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    Gold nanoparticles are coordinated by DNA origami octahedron into the prescribed cluster, as obtained from the 3D transmission electron microscopy reconstruction (based on Y. Tian et al. Nature Nanotechnology 10, 637–644, 2015).

    Are you working on any other projects at CFN besides the directed self-assembly?

    In nanomaterials research, I am supporting principal investigators who are using CFN’s advanced characterization tools, particularly those in microscopy, to look at cutting-edge 2D materials like tin selenide (SnSe) and black phosphorous, in collaboration with our university partners.

    For our nanomaterials work, I am also collaborating with an NG Next group involved in plasmonics research, leveraging our DNA assembly work to fabricate new and unique optical structures.

    What are some of the characterization techniques you use at CFN?

    To probe the composition of the DNA-based nanostructures, we focus on small-angle x-ray scattering (SAXS) and transmission electron microscopy (TEM). To probe the chemical states of 2D materials and devices, we use energy-dispersive x-ray spectroscopy and electron energy-loss spectroscopy. In addition to these traditional microscopy techniques, we employ aberration-corrected low-energy electron microscopy (LEEM) and angle-resolved photoemission spectroscopy (ARPES) for some of our 2D materials. This latter technique is important because the band structure, or electronic energy levels, of 2D materials often has directional dependence.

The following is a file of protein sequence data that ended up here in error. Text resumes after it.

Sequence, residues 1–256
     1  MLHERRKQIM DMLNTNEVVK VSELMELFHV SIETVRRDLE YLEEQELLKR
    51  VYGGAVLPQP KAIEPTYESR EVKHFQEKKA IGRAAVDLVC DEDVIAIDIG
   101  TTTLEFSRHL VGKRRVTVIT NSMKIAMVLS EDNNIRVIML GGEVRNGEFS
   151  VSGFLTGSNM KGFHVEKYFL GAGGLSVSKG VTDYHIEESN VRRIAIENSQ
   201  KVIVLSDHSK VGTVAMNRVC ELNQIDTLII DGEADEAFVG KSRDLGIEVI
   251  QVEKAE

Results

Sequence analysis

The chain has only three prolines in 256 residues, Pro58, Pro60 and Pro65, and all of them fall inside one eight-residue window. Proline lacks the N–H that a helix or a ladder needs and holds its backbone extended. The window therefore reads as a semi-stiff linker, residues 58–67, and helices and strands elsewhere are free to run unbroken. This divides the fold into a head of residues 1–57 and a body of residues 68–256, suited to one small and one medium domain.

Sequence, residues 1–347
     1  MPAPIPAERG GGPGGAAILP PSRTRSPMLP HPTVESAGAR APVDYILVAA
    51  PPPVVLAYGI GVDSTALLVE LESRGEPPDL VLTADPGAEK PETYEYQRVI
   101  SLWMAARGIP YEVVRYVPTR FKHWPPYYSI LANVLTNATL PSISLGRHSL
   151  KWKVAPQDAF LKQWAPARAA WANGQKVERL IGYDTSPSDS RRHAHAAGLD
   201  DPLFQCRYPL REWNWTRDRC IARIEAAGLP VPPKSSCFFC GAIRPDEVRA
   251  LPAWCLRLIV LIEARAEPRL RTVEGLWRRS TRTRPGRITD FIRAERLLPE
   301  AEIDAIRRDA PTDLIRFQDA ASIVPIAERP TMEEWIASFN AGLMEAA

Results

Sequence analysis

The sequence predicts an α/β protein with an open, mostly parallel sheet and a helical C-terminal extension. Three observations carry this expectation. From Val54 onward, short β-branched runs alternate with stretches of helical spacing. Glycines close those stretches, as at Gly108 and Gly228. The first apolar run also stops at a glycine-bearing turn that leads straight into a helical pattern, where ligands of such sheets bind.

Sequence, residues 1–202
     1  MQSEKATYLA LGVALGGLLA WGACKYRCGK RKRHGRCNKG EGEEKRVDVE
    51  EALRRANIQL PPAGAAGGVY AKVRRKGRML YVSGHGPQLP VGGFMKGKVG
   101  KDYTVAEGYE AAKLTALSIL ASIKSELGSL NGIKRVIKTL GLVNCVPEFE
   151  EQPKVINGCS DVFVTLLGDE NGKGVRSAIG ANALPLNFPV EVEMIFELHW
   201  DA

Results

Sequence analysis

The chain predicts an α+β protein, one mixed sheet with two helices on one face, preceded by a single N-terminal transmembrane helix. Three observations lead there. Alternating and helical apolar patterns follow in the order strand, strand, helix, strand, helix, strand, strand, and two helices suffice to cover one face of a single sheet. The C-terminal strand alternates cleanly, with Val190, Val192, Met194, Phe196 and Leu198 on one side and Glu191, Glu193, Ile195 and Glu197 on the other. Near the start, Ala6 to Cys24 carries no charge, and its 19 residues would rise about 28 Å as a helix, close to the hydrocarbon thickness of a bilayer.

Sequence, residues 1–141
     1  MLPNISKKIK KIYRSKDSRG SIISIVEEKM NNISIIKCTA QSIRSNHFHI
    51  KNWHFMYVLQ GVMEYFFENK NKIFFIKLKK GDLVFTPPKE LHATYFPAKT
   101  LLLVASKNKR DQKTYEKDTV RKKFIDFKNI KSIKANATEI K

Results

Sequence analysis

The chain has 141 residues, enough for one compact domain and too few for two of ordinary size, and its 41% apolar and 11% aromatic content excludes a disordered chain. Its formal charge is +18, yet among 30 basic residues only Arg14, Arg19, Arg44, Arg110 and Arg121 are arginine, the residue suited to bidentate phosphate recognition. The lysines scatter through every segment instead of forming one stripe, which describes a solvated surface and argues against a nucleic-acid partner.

Your work at CFN sounds like it could also benefit from the advanced characterization methods at the National Synchrotron Light Source II (NSLS-II). Are you collaborating with NSLS-II or do you have plans to?

    BNL NSLS II
    BNL NSLS Interior
    BNL/NSLS-II

    Plans are in the works for experiments at the NSLS-II, building on our current efforts at the CFN. We will be working with CFN scientists Dario Stacchiola and Jerzy Sadowski on the new LEEM/ARPES system during its commissioning in January, and we are evaluating the use of synchrotron SAXS for large-volume data acquisition from nanomaterials for additive manufacturing.

    Our leadership is very supportive of our interactions with Brookhaven’s DOE Office of Science User Facilities and would like to solidify relationships for the long term.

    How has it been coming back to Brookhaven more than 30 years later?

    Even though I work for Northrop Grumman, I feel like I am part of the family here at CFN. I am working at CFN pretty much every day. From the start, CFN leadership has been very accommodating. They helped us get rapid access while we started negotiations on our CRADA [cooperative research and development agreement] and submitted our long-range user proposals for the directed assembly and 2D materials projects.

    Since I arrived, CFN staff scientists have been very helpful with training on laboratory equipment such as the SAXS, TEM, and scanning TEM (STEM) systems. The CFN group leads have been particularly helpful in facilitating timely sample preparation, such as that with the focused-ion beam, and with scheduling the use of characterization tools.